Natural and Organic Trends for 2022: What you Need to Know
After the general uncertainty of the past two years, the natural and organic retail sector has good reason to feel optimistic.
After the first wave of the pandemic faded in 2020 and panic buying subsided, delivery service Doorstep Organics found that its customer base had grown by a solid 20 per cent.
At the time, Managing Director Peter Richardson attributed the increase to the closure of our borders. With travel off the cards, Australians had money to spare. “Their wealth allowed them to be more focused on health,” he says.
But 2021 has caused him to reconsider. Doorstep’s customer total bounced around due to lockdowns but, as the year rolled out and international travel resumed in some parts of the country, it is a stable 40 per cent higher than it was at the start of 2020.
The pandemic seems to have delivered permanent benefits for many natural and organic businesses, says Martine Cooper, HealthyLife’s General Manager of Merchandise & Partnerships. “Products that were considered health-shop-only purchases two years ago have very quickly become mainstream supermarket offers,” she says.
The resurrection of HealthyLife by Woolworths this year is likely a direct response to this increased mainstream interest.
What’s more, while new customers pour into the sector, existing ones are doubling down. According to this year’s Australian Organic Market Report, 37 per cent of existing organic shoppers increased the organic allocation in their household spend in 2020.
What’s driving growth in natural and organic?
Cooper believes Australian consumers underwent a fundamental shift in attitude over the past two years. She reckons increased disposable income is just one contributing factor. “They’ve also had more time and motivation to research what they’re buying,” she notes.
Since the beginning of 2020, Australians have been optimising their home lives and health has been a priority. It’s perhaps not surprising that consumers are now taking natural and organic products more seriously.
In addition, Cooper and Richardson both say consumers are paying more attention to country of origin – not just because of temporary pandemic-related contamination fears but because of the growing concern about carbon footprints. This has given natural and organic grocers, which generally source fruit and vegetables locally, an edge over import-reliant supermarkets.
Of course, many natural and organic businesses rely on imports, too. But they tend to provide customers with more information about the supply chain as part of their overall service offering, displaying information in-store or online.
“Customers want to know more about the supply chain than ever before,” says Cooper. “Australian-made and -grown has become more important, but so has general knowledge about where products are coming from and how they’re being produced.”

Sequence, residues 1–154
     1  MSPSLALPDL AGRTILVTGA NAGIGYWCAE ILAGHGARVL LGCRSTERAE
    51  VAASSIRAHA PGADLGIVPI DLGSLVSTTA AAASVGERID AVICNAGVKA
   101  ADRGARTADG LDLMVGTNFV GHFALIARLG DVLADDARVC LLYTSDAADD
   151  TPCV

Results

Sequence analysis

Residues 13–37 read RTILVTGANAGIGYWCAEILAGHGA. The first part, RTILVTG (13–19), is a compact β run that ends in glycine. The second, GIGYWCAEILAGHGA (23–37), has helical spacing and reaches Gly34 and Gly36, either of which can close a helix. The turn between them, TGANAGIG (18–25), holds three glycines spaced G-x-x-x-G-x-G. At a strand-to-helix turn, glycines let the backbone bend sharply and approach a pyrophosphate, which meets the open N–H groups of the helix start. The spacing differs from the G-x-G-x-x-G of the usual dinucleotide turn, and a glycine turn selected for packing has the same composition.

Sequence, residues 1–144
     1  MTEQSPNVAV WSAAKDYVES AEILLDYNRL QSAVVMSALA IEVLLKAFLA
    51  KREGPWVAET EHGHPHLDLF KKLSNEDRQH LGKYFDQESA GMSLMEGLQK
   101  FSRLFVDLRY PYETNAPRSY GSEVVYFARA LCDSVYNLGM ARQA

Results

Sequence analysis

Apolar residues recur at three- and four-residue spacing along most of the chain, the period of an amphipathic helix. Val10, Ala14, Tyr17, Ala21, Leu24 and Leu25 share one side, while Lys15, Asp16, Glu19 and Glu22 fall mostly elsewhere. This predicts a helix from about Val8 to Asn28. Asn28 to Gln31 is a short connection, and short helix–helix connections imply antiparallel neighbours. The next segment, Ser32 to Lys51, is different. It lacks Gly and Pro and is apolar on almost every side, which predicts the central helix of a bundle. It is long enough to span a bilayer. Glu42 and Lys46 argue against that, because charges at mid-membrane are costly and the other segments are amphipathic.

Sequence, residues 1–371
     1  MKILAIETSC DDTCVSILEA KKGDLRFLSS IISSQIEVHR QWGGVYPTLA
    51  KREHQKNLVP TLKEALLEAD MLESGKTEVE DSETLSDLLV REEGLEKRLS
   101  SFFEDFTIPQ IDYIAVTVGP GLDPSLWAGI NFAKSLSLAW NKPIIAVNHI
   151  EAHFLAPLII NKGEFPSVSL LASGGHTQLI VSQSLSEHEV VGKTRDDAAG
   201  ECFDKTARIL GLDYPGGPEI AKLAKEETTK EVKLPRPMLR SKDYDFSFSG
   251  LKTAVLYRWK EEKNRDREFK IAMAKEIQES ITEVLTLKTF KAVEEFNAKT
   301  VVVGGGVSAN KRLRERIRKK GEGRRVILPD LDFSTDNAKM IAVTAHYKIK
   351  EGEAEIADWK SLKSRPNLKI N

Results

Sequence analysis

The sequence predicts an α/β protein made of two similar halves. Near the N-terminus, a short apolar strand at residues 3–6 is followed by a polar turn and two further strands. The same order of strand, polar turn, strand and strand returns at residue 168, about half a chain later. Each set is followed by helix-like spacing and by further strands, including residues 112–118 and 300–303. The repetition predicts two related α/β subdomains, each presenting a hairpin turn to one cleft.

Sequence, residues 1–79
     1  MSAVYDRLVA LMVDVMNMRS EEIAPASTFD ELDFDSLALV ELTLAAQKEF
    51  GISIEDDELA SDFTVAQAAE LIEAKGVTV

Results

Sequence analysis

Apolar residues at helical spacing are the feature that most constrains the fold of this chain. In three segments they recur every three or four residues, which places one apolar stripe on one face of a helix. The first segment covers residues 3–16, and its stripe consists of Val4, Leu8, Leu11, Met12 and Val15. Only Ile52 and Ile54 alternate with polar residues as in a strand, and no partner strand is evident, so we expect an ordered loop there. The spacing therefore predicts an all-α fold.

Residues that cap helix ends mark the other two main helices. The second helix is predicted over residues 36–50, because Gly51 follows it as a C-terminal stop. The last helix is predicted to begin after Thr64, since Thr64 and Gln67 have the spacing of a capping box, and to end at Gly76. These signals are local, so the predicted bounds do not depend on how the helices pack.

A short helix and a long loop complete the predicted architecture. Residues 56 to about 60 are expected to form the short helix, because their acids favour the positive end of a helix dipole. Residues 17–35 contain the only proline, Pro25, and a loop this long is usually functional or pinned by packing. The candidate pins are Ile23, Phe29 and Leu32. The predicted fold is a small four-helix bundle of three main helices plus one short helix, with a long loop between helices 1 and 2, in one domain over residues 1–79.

What’s in store for 2022?
The consumer concerns that helped grow natural and organic this year and last haven’t gone away. Both Richardson and Cooper say these concerns are fueling the latest trends.
“For example, vegan is now the biggest-selling group of products in our larder,” says Richardson. “And that seems to be because of the worry about climate change, plus a general desire to be healthy.”
Meat substitutes and pre-prepared vegan meals are both selling very well, he says. Meanwhile, existing vegan and vegan-inclined customers are becoming more adventurous. “Anything fermented is in demand,” says Richardson. “Last year it was sauerkraut. Now, it’s cheese. Nut cheeses… they’re huge.”
Cooper confirms the fermented trend, suggesting that growing public awareness about gut health is playing a part. During the pandemic, consumers even began fermenting food themselves. “Make-your-own-kombucha kits and make-your-own sourdough have done extremely well, and that hasn’t subsided at all yet,” she says.
Finally, both Richardson and Cooper say that non-food categories, including personal care and healthy home, are experiencing massive ongoing growth. “Natural cleaners and compostable packaging are leading the way,” says Cooper.
Although he is pragmatic about the future, Richardson believes 2022 will be another growth year for Doorstep Organics. “Times are changing, and people aren’t going backwards,” he says.
Four 2022 trends
Richardson and Cooper suggest looking out for these popular products and ingredients in order to stand out from the crowd;
- Gut health and immunity products: Bone broths, apple cider vinegar
- Alternative grains and flours: Hemp, buckwheat, chickpea, chia
- Plants extracts and herbs: Native herbs, hibiscus
- Functional beverages: Tonics, healthy sodas and natural energy drinks
To discover more natural, organic and healthy products and brands, browse the Naturally Good Product Directory.